The precedence for this is the infamous June 12 elections of 1993.

Most people consider such a decision in a plural society like ours as insensitive, unjust, and  unfair no matter how tone-deaf the APC wants to make Nigerians believe.

Nigerians did not have a problem with the 1993 election because the country was not this divided across ethnic and religion lines.

The religious sentiments that are overtly and covertly displayed in our nation today are worrisome.

Nigeria is a secular nation, and to delegate the two top government offices to the same faith is not a show of equity to the other faith.

Moreso, current reality where the overwhelming majority of the Security Chiefs are also Muslim and Northerners creates room for founded apprehension.

The Chief Justice of Nigeria and the Head of the Senate are also Muslims in the present administration. Such does not inspire hope and inclusiveness.

Therefore, it is not surprising that many treat the Tinubu/Kassim Shettima ticket with suspicion.

The vehicle they are using, the APC does not inspire hope and fair play.

Also, the candidate himself has a questionable pedigree made worse by his daily gaffes on the campaign trail.

He has not been able to articulate an economic policy different from the present circumstance of the nation relying on rents for survival.

On the contrary, Obi has already reiterated that he would push Nigeria from consumption to production.

He promised an economy where resources would not be wasted unnecessarily.

Currently, the waste in our economy is institutional and ingrained in the fibre of all of our government agencies.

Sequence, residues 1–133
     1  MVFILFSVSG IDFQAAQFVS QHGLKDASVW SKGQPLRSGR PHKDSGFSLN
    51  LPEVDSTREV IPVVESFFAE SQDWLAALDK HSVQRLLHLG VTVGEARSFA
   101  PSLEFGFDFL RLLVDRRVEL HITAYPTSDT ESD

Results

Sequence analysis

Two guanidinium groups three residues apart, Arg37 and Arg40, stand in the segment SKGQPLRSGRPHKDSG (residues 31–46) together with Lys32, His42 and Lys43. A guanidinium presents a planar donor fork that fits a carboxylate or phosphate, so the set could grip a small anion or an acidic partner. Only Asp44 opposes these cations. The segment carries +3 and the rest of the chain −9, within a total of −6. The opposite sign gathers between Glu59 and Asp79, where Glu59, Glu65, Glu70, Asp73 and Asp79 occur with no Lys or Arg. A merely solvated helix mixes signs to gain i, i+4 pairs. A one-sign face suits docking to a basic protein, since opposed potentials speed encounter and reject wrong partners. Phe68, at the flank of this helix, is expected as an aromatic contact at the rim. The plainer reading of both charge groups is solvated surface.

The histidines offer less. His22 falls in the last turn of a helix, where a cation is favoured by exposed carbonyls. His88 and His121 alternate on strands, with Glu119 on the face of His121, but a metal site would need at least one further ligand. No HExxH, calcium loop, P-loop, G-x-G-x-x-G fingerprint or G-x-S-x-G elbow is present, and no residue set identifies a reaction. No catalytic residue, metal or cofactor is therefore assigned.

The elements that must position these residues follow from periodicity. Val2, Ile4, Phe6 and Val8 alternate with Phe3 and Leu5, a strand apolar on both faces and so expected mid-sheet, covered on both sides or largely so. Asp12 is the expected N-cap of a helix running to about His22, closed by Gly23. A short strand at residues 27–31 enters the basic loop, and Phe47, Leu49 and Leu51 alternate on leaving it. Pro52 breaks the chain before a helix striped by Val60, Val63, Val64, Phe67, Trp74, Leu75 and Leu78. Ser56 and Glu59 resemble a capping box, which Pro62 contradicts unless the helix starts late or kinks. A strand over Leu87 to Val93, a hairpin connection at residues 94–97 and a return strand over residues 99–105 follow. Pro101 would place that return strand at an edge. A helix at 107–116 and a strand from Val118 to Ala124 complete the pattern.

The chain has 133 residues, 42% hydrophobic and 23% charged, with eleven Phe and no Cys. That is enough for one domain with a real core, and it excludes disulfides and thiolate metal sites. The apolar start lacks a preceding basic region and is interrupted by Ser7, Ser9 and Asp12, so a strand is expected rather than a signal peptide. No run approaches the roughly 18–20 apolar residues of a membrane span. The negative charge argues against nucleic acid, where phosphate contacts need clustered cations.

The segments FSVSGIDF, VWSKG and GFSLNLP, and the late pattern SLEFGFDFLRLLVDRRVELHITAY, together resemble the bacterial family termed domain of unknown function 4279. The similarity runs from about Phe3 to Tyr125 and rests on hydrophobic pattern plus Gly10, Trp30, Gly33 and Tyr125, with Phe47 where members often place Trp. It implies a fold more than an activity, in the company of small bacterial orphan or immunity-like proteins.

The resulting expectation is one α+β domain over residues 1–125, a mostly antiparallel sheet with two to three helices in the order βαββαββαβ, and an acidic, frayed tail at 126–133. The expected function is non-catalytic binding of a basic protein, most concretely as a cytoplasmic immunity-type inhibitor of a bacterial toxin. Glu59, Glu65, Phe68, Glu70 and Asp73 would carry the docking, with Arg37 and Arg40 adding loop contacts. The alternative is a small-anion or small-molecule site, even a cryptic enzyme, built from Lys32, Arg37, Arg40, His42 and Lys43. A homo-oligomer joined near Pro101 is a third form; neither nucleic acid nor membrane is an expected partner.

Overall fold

Politicians and civil servants are all aware of this ailing symptom of our economy and administrative malady.

But Obi has shown courage and commitment to fighting and terminating this ugly trend.

However, the same cannot be said of the former Lagos State governor, who had bullion vans moving in and out of his residence unchecked and unquestioned during the 2019 presidential election. Peter Obi is aware of the responsibility of being a leader and the great risk involved in success or failure.

His track record has shown that he would actually be accountable, instead of gleefully delegating and assigning risks and blames to others as his opponents and average Nigerian top politicians love to do.

It is also important to note that Obi has physically proved that he is of a sound mind and body (this is actually a worthy talking point in Nigerian politics) and has demonstrated this a countless number of times by honouring invitations to media houses and townhall meetings irrespective of political leanings.

Tinubu, on the other hand, has not shown readiness to do the same.

Nigeria is yet to recover from the actions of previous presidents who scarcely ever addressed the people, and whose most famous speeches were made outside Nigeria.

Although, Buhari made a few speeches, they were at least coherent, unlike the APC presidential candidate, Tinubu. We wonder what we would get from him

Tinubu openly, has admitted that he does not use social media anymore.

But it would be a welcome development to have a President with an active Twitter account on a platform where he can relate with millions of Nigerians by himself.

Tinubu has myriads of unverified information about his past, and has never bothered to debunk any of them convincingly.